Whether you have two days or two weeks to travel, my Seoul city guide covers the must-see sites, local food recommendations, an example 48 hour itinerary, and how to get to and from the airport.
When I visited the capital city of Seoul, I was captivated by everything the city had to offer. From the ancient temples, bustling nightlife, crazy delicious food, animated culture, progressive politics, massive high rises, and the genuine character of the people, South Korea offers something for every visitor. The country can be rather expensive to explore or it can be cheap, the number of parks, monuments, temples, and museums you can visit for a small fee and sometimes free. It offers backpackers and tourists alike an opportunity to emerge into the culture, history, and politics of this unique and welcoming country.
Getting To & From the Airport
There are 3 ways to get into the city from Seoul Incheon International Airport.
Option #1: Take the Airport Railroad Express (This is the fastest option). The Airport Railroad Express runs directly from Incheon International Airport to Seoul Station, with no stops along the way. The trip will take you about 35 minutes. The cost is about $10.50 CAD –> 8,000 WON.
Option #2: Take the Airport All Stop Train (This is the cheapest option). The All Stop Train makes stops at all 13 subway stations on its way from Incheon International Airport to Seoul Station. To take this train, passengers must use a transportation card. International visitors may also use a prepaid transportation card called M-Pass. You can buy the transportation card at convenience stores inside Incheon International Airport. The trains come every 10 minutes and the journey will take about 60 minutes. The cost is $6 CAD –> 4200 WON.
Option #3: Take the bus. ( I chose this option so can see the city as we drove) Airport buses run from Incheon International Airport to most parts of Seoul. Tickets can be purchased at the ticket booth. You catch the bus just outside the international or domestic terminals. The buses leave every 30 minutes and the journey will take about 70 minutes. The cost is $20 CAD –> 13,000 WON.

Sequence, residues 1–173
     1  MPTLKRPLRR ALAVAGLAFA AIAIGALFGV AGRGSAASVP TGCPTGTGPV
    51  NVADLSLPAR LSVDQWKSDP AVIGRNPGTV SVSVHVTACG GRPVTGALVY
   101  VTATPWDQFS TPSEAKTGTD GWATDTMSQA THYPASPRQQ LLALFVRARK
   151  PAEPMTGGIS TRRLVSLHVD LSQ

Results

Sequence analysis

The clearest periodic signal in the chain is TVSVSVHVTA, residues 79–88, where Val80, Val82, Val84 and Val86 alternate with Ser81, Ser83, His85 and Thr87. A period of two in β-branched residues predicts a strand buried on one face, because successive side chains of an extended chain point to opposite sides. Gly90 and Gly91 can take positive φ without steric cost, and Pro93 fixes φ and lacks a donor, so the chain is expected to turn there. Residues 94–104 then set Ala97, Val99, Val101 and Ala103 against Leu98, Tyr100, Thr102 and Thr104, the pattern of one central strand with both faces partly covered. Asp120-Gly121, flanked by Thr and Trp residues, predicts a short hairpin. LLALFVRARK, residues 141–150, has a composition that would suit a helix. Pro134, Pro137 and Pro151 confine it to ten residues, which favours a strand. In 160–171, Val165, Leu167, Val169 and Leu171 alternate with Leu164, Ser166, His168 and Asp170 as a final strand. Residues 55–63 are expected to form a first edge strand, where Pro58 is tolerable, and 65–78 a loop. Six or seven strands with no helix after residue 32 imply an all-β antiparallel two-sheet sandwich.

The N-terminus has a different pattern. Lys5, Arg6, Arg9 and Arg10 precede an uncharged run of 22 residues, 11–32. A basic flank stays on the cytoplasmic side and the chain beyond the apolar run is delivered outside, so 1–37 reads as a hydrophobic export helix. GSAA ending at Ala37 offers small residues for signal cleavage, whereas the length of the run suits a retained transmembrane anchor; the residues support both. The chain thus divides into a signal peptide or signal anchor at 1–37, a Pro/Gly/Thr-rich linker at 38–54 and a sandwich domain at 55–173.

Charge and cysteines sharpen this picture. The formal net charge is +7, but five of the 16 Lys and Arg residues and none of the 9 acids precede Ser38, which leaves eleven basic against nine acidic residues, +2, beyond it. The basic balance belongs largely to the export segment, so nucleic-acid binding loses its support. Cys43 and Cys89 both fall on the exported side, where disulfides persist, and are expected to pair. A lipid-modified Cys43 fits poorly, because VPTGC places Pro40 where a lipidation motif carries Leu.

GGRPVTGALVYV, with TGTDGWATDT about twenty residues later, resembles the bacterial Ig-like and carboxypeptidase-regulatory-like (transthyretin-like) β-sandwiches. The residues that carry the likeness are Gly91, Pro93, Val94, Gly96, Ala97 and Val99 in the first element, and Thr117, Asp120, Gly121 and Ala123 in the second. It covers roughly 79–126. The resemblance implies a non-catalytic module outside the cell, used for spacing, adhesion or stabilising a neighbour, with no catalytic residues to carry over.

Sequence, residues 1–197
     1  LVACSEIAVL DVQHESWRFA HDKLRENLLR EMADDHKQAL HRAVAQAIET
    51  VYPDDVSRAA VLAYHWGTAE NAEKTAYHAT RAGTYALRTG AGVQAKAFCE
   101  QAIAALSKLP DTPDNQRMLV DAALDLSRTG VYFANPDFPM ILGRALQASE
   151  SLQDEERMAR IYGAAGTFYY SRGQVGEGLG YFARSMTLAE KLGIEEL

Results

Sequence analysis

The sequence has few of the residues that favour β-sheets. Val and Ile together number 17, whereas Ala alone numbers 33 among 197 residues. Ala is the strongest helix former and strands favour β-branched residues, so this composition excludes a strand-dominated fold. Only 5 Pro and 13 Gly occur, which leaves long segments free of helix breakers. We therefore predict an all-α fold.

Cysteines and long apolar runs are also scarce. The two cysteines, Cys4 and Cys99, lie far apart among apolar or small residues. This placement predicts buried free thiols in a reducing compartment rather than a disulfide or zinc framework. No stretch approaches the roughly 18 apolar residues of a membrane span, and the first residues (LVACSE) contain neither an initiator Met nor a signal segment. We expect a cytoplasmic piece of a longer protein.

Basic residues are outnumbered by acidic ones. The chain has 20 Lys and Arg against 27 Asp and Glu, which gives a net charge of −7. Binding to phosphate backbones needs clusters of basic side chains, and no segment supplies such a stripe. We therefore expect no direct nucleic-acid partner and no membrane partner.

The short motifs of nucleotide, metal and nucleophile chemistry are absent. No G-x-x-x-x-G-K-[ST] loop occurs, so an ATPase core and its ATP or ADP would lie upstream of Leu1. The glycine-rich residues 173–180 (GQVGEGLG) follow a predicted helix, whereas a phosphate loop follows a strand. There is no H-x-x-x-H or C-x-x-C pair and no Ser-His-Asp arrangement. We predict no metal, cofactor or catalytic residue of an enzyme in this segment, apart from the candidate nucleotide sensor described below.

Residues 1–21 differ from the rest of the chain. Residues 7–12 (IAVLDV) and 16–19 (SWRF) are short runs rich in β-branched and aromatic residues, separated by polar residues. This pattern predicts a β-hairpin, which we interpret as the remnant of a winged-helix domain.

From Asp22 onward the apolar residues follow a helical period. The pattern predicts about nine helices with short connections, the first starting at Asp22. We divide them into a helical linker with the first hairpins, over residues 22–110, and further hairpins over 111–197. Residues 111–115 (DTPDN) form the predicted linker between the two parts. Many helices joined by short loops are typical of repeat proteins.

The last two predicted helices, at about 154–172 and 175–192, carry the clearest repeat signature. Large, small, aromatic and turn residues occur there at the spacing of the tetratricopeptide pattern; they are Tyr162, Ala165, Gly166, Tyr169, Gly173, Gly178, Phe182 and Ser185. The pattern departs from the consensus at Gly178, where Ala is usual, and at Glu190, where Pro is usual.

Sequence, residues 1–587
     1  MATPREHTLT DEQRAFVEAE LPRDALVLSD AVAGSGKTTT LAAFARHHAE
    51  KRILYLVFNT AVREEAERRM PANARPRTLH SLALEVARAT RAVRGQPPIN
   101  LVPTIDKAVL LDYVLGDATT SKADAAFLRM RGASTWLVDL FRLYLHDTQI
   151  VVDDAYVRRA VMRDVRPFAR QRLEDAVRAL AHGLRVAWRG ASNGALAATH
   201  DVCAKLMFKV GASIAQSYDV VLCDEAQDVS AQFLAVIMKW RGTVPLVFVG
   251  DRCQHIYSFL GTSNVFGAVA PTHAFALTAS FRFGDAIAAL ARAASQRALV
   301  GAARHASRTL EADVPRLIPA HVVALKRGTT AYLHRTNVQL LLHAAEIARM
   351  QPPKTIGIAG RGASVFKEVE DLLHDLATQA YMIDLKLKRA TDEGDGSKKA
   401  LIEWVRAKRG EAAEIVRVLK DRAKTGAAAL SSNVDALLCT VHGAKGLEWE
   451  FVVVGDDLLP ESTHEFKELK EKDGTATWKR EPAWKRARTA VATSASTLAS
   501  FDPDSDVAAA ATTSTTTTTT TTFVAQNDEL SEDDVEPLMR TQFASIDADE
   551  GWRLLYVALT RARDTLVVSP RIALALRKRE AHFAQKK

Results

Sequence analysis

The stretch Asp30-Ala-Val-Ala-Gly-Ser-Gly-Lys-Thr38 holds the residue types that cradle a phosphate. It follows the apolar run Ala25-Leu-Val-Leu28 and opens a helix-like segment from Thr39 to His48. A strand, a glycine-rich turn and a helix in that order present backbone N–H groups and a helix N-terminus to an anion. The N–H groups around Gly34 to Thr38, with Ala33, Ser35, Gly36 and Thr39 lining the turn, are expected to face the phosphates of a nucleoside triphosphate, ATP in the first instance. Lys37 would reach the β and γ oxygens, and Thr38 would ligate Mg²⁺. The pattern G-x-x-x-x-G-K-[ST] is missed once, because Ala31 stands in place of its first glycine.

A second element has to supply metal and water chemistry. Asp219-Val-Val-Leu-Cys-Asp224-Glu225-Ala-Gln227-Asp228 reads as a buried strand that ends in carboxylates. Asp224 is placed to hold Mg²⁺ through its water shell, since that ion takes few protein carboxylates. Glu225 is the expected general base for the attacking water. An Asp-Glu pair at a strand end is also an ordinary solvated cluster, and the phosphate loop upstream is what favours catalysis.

First Things First – What To Eat?
Korea is famous for lots of reasons, and food is certainly one of those. From the world-famous Korean BBQ’s that cook up superb meats, to the pajeon pancakes and cold noddle soup, Korea has unique food for any pallet. Whether you prefer to eat at 5-star restaurants, prefer the small side street pop-up shops (always my favourite food is from street vendors). I ate our way through this city in 48 hours and loved every minute of it.
Foods you must try:
Bibimbap – Cost around $5 – Bi bim bap or Bi bim bop, literally means “mixed rice”. Bibimbap is served as a bowl of warm white rice topped with sautéed and seasoned vegetables, chilli, soy sauce, and a fermented soybean paste. A raw or fried egg and sliced meat are common additions. The hot dish is stirred together thoroughly just before eating and is delicious.
Pajeon – Cost around $4 – It is a Korean dish made from a batter of eggs, wheat flour, rice flour, scallions, and often other ingredients depending on the variety. beef, pork, kimchi, shellfish, and other seafood can be used.
Soju – Cost around $2-10 a bottle – Soju is a clear, colourless distilled beverage. It is usually consumed neat, and its alcohol content varies from about 16.8% to 53%. Koreans have very strict rules for drinking soju. When receiving a glass from an elder, one must hold the glass with two hands. When it is time to drink, the drinker must turn away from the elder, and cover the mouth and glass with their hands. The first drink must be finished in one shot.